Pretoria — Oscar Pistorius on Friday told his murder trial he never looked at Reeva Steenkamp before he rushed to confront a suspected intruder and fired the shots that killed her.
Pistorius testified that he "whispered" to his girlfriend to ring the police, in the belief that she was still in bed, but kept his gaze away from her to the passage door.
"I said to Reeva get down and phone the police. I didn't wait for a response ... My whole being was fixated on this person I thought was in the bathroom," Pistorius said.
Prosecutor Gerrie Nel, cross-examining Pistorius for a third day, said it was hard to understand why the paralympian sprinter failed to make sure that his lover was safe.
"You were right next to her in a situation of danger but you did not take the time to talk to her," Nel said incredulously.
"A reasonable person would have looked where Reeva was to see if she was safe ... but you just grabbed a gun."
Pistorius, who risks a life sentence for premeditated murder, maintained that he had simply obeyed his instincts, and believed the right thing to do was to put himself between Steenkamp and harm.
But Nel said Pistorius had invented a version of events that could allow him to claim that he did not know that Steenkamp was inside a locked toilet cubicle in his home when he shot and killed her through the door.
"You had to come up with a version to explain why you got to the bathroom innocently ... your version is a lie."
According to Pistorius, he got out of bed in the early hours of Valentine's Day last year to bring two electric fans closer to the couple's bed and toss a pair of jeans over a hi-fi display light that was bothering him.
In the process he heard a sliding window in his bathroom slam shut and panicked, scrambling for his 9mm pistol.
Nel contends that Pistorius had been emotionally abusive to his girlfriend of four months and killed her after an argument.
On Friday, Nel painstakingly took Pistorius through his movements in the early hours of that morning and paused when the athlete said that as he stood facing the locked door with his firearm, he screamed to Steenkamp to call the police.
It was impossible that Steenkamp did not respond at this point from inside the locked cubicle, Nel told the court.
"She is three metres away from you and she never uttered a word. There is no way you can convince the court she stood there saying nothing."
He rubbished Pistorius's suggestion that Steenkamp would have been too scared to make a sound.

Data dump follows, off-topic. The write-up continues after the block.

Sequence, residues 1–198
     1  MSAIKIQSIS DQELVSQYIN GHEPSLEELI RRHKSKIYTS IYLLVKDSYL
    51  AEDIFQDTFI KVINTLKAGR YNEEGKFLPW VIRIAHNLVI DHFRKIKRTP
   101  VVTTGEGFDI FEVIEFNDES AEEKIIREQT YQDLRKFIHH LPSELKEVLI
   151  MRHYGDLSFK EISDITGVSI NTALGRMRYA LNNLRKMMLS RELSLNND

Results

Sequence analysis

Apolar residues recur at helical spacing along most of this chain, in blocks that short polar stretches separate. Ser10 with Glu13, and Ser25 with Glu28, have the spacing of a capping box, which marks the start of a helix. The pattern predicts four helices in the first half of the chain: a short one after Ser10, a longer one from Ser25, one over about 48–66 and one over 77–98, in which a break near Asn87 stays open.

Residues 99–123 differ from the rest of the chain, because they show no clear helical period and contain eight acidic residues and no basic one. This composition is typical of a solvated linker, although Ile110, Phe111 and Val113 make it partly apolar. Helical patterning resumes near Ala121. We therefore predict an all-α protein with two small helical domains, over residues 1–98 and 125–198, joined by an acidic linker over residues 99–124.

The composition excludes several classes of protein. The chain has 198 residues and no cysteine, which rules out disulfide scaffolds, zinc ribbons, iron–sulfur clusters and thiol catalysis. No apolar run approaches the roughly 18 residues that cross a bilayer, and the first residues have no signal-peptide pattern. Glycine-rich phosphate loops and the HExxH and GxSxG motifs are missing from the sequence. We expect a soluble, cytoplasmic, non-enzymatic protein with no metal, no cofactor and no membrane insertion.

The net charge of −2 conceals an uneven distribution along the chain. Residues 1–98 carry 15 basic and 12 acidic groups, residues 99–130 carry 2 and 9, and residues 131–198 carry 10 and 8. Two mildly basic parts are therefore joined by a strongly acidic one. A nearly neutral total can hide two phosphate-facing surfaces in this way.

"She wasn't scared of anything except you."
Nel then asked whether Steenkamp screamed while he fired the shots that blasted through the door and hit her in the hip, arm and head.
Pistorius began crying softly and said no, prompting Nel to point out that he was contradicting earlier testimony that, at that point, he could hear nothing because his ears were ringing from the gunshots.
"How can you exclude the fact that she screamed if you could not hear?" Nel said.
"Your version never happened and you have to keep up with an untruth that is why you are making these mistakes. Your mistakes are as convincing as your evidence," he said.
"You thought an intruder came in through your bathroom window, walked into your toilet and closed the door. It is so far-fetched."
Earlier, Nel had argued that the fans had never been moved, because if Pistorius had placed them where he claimed, they would have blocked his path.
Neither could the jeans be on top of a duvet on the floor.
Pistorius has countered that the police moved these objects around before taking the photographs serving as court exhibits, leaving Nel to ask sarcastically whether he was suspecting a conspiracy.
The seasoned prosecutor has set about dismantling the sympathetic picture Pistorius's expensive legal team has sketched of the athlete as a man rendered vulnerable by his disability, and filled with remorse for shooting the woman he loved.
Pistorius testified this week "I was besotted with her" but Nel said transcripts of text messages the couple exchanged showed that he was indifferent to Steenkamp's feelings and never assured her that he loved her.
He argued that Pistorius cared only about himself and frequently cried on the stand not because he felt remorse but found himself in trouble.
When Pistorius became emotional on Friday, Nel asked why.
"Because I lost the person I cared about. I don't know how people don't understand that," Pistorius said, his voice shaking.
The trial continues on Monday.